Sighing, she checked her own wristwatch and hurried out of the store to begin the three-block walk to her trolley stop.  If she didn’t get there in time for the five p.m. streetcar, she would be waiting half an hour.

This year Julia was determined that she would meet her beloved, the man for whom she had been praying these past four years. Why hadn’t she met him yet?  Some of her friends were already married. Her beloved was out there and she would find him.  Yes, 1918 would also be the year that she would meet her beloved.

Each December, Julia wondered what she would buy her beloved for Christmas. Last year, she searched different stores but found nothing special. She finally discovered — and bought — a brown leather pocket journal at a specialty store at Broad and Bigler Streets. She didn’t know whether her beloved would be the sort to write in one, but it seemed like an appropriate gift, especially since it had a delicate leaf embossed on the cover. The year before, she had bought a sterling silver Miraculous Medal because her beloved would be Catholic.

That first year, her mother suggested that she begin praying for her future husband.  After a few weeks of doing so, Julia felt inspired to do more. It had been the week before Christmas, so she decided that she would buy or make him a Christmas gift each year until they met.  With no job and no money that year, Julia knit him two pairs of socks, one blue-green and one green-brown, with finely-made yarn that her mother had given her.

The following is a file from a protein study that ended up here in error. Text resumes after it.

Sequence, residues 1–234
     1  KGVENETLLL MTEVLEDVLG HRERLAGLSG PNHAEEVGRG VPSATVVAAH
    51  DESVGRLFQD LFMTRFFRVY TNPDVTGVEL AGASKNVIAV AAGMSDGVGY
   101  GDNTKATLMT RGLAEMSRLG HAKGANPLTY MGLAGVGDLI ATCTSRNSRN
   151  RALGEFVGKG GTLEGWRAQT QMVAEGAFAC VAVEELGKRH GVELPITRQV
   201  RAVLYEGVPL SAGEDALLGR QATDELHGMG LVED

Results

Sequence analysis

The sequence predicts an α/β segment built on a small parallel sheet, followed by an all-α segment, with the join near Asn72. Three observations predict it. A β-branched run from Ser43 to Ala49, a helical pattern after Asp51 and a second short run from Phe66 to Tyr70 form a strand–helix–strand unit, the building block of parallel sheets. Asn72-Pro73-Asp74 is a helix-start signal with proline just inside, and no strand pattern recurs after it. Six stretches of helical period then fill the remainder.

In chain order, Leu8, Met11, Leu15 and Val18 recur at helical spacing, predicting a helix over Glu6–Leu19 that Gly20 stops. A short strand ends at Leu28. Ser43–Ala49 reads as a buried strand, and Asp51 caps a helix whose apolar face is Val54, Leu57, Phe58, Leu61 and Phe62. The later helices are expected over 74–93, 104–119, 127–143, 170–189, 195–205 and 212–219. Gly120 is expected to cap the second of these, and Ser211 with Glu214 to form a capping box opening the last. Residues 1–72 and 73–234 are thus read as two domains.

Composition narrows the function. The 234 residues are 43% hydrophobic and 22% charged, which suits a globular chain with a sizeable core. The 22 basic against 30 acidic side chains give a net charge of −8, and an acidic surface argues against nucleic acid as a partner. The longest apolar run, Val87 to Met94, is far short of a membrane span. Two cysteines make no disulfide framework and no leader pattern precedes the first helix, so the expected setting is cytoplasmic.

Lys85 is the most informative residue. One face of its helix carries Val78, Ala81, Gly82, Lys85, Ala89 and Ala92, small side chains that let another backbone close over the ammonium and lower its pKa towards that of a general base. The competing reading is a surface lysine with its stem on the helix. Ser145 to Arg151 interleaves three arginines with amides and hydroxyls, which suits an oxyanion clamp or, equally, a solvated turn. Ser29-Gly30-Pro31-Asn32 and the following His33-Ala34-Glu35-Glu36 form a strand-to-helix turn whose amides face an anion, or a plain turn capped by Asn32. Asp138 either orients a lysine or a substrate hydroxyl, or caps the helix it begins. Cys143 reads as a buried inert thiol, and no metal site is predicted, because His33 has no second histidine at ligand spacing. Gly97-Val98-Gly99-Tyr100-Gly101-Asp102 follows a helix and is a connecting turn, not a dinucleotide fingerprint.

The fact that she had made or bought gifts, and had spent hard-earned money for her future husband, had not pleased her father as he thought it too impractical and sentimental. Her mother, however, had declared that it was a beautiful gesture. Of course, if Mother knew how much she had spent on the most recent gift, she was pretty certain her mother wouldn’t be happy.

Julia’s Gifts is available on Kindle and in paperback from Full Quiver Publishing.
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This post contains Amazon affiliate links; your purchase through these links helps support this blog. Thank you! I was given a free review copy of this book, but no other compensation. Opinions expressed here are mine alone.
Copyright 2017 Barb Szyszkiewicz

Fierce like Francis

While all Secular Franciscans follow the same call, to live a Gospel life in the spirit of St. Francis of Assisi, every Secular Franciscan follows this call differently, according to his or her own abilities and state of life. Every Secular Franciscan has a particular way in which we can say that he or she is like Francis.

Eileen was fierce like Francis.

Despite the many difficulties, health crises, and hardships she endured in her later years (or maybe because of them), Eileen was not about to waste time thinking but never acting. She challenged us: are we doing enough? Are we praying enough? Are we listening to God enough? What is God telling us to do?

Sometimes Eileen would come to a Secular Franciscan gathering and ask bold questions, seemingly out of nowhere. But those questions were born of her deep faith and constant prayer. When she was not physically able to do more, she always prayed and contemplated.